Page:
Skulptur aus patiniertem Kupferblech, Stahl, Beton, Holz
With its lofty height, the tower in the large park in Freiham can be seen from nearly every point. Its unusual silhouette towers more than twenty meters into the air. The artwork’s colored surface is made of a tile-like pattern of pre-patinated copper sheets whose turquoise and earth tones will change over the course of time. While the delicate-looking tower itself recalls a maypole or an oriental minaret, the spire, with its sensuously arched balcony, is reminiscent of the onion dome of a Bavarian church. In addition, the shaft is a spherical shape made of greenish concrete, which lends the towering structure a feeling of almost dance-like motion.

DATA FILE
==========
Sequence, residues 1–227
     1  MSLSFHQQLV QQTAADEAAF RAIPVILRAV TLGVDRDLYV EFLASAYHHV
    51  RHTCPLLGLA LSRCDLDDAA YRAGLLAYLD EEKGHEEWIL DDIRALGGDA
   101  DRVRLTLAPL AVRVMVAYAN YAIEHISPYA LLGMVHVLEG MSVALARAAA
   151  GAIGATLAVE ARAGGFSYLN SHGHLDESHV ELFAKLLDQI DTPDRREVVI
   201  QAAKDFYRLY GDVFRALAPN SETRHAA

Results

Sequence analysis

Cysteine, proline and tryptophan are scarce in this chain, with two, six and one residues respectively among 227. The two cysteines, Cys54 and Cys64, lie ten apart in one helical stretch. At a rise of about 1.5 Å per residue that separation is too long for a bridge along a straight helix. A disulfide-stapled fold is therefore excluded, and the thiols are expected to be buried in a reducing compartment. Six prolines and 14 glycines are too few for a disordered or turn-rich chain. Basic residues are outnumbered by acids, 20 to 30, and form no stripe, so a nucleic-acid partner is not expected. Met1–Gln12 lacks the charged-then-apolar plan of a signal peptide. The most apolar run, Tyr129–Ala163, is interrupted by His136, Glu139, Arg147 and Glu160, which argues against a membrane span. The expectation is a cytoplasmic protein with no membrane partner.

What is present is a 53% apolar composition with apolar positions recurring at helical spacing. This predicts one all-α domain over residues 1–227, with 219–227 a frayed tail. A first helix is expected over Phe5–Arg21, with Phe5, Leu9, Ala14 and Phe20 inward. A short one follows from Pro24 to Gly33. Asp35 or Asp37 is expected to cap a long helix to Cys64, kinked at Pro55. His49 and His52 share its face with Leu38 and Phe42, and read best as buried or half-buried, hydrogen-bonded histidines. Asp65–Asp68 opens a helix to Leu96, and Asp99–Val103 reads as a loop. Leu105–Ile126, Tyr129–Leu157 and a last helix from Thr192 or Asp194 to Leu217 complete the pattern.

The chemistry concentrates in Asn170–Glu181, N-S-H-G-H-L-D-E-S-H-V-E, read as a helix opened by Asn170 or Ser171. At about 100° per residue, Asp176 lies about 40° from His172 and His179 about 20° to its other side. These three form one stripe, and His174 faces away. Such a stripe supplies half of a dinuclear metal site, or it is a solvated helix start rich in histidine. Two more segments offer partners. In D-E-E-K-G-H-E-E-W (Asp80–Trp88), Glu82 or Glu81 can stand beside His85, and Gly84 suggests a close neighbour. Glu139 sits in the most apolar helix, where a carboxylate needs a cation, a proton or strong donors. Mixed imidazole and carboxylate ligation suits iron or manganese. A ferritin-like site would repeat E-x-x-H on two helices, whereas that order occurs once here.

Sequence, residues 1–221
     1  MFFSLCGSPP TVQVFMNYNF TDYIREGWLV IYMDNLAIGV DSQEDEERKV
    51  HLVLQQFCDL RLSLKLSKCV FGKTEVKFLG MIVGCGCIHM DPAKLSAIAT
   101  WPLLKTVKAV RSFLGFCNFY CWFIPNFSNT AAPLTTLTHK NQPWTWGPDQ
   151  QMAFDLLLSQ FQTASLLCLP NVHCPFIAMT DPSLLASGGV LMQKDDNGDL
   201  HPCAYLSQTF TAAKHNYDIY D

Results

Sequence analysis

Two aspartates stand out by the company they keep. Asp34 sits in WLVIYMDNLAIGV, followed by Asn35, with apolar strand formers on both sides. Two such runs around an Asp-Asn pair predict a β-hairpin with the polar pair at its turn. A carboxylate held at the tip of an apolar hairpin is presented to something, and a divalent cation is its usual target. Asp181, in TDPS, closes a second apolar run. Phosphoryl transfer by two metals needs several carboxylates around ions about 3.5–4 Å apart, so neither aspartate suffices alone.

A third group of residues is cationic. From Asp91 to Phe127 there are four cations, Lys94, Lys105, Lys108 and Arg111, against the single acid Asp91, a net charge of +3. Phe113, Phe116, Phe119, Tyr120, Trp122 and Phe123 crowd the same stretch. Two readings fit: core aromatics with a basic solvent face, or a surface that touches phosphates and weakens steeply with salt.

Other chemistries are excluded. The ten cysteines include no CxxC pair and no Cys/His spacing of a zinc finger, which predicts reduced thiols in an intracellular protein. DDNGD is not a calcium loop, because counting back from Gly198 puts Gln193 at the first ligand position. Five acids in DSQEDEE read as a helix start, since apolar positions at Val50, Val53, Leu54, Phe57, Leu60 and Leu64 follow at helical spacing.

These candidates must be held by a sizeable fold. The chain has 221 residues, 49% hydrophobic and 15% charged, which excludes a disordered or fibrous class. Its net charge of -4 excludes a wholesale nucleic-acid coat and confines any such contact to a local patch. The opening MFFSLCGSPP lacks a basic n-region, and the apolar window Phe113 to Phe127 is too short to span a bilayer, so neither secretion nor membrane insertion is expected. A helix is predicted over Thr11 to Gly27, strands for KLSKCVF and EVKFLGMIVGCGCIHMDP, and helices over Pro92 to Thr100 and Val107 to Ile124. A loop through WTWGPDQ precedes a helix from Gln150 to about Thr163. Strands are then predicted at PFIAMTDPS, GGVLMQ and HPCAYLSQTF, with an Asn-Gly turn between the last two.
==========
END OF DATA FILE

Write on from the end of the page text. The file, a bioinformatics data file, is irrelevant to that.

The humorous fusion of different, identifiable forms can be interpreted programmatically and evokes numerous layers of associations entirely in the tradition of the English landscape garden, once considered a kind of “space for thought,” a place where the imagination can freely roam. The two artists also refer to this in their title for the piece, Freiham Folly. In the eighteenth century a folly was an extravagant, ornamental structure, which helped to create an emotional aura and the cheerful, often fairy-tale-like atmosphere of a landscaped park. The beloved monopteron in the English Garden in Munich is one of the most prominent examples of this. Thanks to its self-confident pictorial vocabulary, the Freiham Folly gives the new urban area and its surroundings in the west of Munich a powerful seal and forms a contemporary analogy to the cultural diversity of its residents.